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Low Sulphur Bunker Fuel Markets In Asia Are Looking Good, S&P Global Platts Reports

Prospects for the low sulfur bunker fuel markets across Asia are getting brighter with analysts projecting that the current momentum would run through the first quarter of this 2020 after the International Maritime Organisation’s (IMO) 0.5% sulfur mandate kicked in on January 1.

Insiders say a rapid shift in demand towards cleaner fuels in the last quarter of 2019 boosted low sulfur bunker premiums significantly in December, flipping spot differentials from discount to premium at some major bunkering ports in Asia.

Singapore’s spot delivered marine fuel 0.5% differential to Mean of Platts 10 ppm gasoil assessment averaged at a premium of $23/mt in December versus a discount of $28/mt in November, S&P Global Platts data showed. The differential stood at a premium of $76/mt on December 31, the data showed.

While market sources are expecting the upward momentum to continue into Q1 amid steadily robust demand and tight prompt barging availability, recent ex-wharf offers for the first quarter and January-loading term contracts have also surged in line with delivered market sentiment, Singapore-based sources said.

A Singapore-based fuel oil said earlier this week, “I will offer at above plus $60/mt levels [over 10 pmm gasoil] if it’s for January term; delivered is strong so there is no reason to sell ex-wharf cheap.”

Platts earlier reported that prices have surged from December-loading ex-wharf term levels, which were at discounts in the range of $50-$55/mt to MOPS 10 ppm. But, most sellers were opting for delivered rather than ex-wharf sales due to stronger delivered margins.

According to a Singapore-based bunker trader, “Suppliers are telling me that they prefer to just offer in the spot market… expecting the uptrend to continue into March.”

In the mean time, Singapore’s bunker price spreading to North Asian ports have also narrowed significantly in recent weeks, though prices in both regions climbed in December. Delivered marine fuel 0.5% prices in Shanghai, which were $55/mt higher than in Singapore at the start of 2019’s last quarter, had crunched to $5/mt on December 31.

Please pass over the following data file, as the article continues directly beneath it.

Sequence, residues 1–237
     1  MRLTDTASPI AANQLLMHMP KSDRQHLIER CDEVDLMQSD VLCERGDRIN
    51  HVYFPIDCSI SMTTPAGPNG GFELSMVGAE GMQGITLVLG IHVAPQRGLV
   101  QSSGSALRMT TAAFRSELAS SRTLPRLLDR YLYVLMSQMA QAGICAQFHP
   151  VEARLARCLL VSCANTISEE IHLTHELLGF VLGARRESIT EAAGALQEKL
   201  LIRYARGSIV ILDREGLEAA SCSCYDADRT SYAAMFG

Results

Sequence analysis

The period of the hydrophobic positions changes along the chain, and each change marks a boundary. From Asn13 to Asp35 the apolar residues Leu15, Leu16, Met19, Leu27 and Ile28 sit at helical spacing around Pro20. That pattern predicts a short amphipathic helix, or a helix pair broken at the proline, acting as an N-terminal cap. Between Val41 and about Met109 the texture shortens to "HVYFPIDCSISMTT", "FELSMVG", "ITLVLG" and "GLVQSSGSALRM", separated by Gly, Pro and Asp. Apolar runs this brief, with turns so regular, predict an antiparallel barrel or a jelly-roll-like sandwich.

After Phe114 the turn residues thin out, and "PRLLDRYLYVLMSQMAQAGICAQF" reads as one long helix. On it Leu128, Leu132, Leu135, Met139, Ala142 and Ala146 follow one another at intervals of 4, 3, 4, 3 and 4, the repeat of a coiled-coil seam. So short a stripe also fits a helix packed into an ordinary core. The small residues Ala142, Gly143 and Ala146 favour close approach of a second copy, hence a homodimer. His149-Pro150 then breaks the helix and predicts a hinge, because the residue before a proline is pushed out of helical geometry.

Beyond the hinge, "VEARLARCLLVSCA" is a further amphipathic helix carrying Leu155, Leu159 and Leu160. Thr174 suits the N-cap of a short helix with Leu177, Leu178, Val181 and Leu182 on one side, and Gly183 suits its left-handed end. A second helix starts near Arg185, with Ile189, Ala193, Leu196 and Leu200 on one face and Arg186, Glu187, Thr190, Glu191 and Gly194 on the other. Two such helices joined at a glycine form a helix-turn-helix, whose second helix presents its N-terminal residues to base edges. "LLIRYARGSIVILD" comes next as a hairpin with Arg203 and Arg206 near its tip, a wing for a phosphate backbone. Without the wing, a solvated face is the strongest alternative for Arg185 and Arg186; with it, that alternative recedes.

Furthermore, the Shanghai delivered marine fuel 0.5% spread to the Singapore delivered marine fuel 0.5% averaged $7/mt in December, narrowing from $17/mt in November. Shanghai prices even dipped below Singapore for the first time on December 4, at minus $4/mt, Platts data showed.

Shanghai prices marine fuel 0.5% prices had averaged $20/mt higher than Singapore’s between the launch of assessments on July 1 and December 31.

“If the Singapore price continues to be so expensive then we will switch to other ports — in fact we were already taking more at Shanghai on some days in December”, a Singapore-based source from a shipowner told Platts.

A major China-based supplier however, said “a bunch of ships [from a Chinese company] that couldn’t take delivery in Singapore are coming to Shanghai to fulfill their requirements, and due to the contract we have with them, we have to supply them as a priority, thus we have no more offers for the rest of the market.”

Spot offers in the region have thinned, with several suppliers in the region facing the same cargo tightness. “As Singapore is tight, there is a lull in cargo imports into South Korea. Refiners have maximized production but it is still tight”, a bunker trader for the South Korean market said.

Similarly in Hong Kong, suppliers noted that buyers are now fixing orders earlier than usual to secure supply. “We have only limited cargo for spot inquiries”, a bunker supplier based in Hong Kong said.

Most sources expected there will not be enough LSFO supply to cater to bunker demand across Asia in the first quarter unless China started exporting in the near future.

The supply deficit will prompt some shipowners to take marine gasoil if they could not secure enough LSFO, market sources said.

“I think Q1 will still be quite supported [for LSFO]… if there’s any kind of easing, it will be in February… I think what’s going to happen next is that gasoil will become very expensive”, a major bunker supplier in Singapore said.

Adding, the supplier said, “ultimately, Singapore will be the epicenter that people have to come back to if the neighboring ports are not doing well [in securing supply]. There’s a lot of strain on Singapore to fulfill the requirements for LSFO.”

Traders are however, expecting Singapore to receive only two million-2.5 million mt/month of LSFO in this first quarter due to limited supply from other parts of the world, Platts reported earlier.

Singapore is the largest bunkering hub in the world, with monthly bunker demand averaging four million mt/month in 2019, according to data from Singapore’s Maritime and Port Authority.

  • Reporting by Akanimo Sampson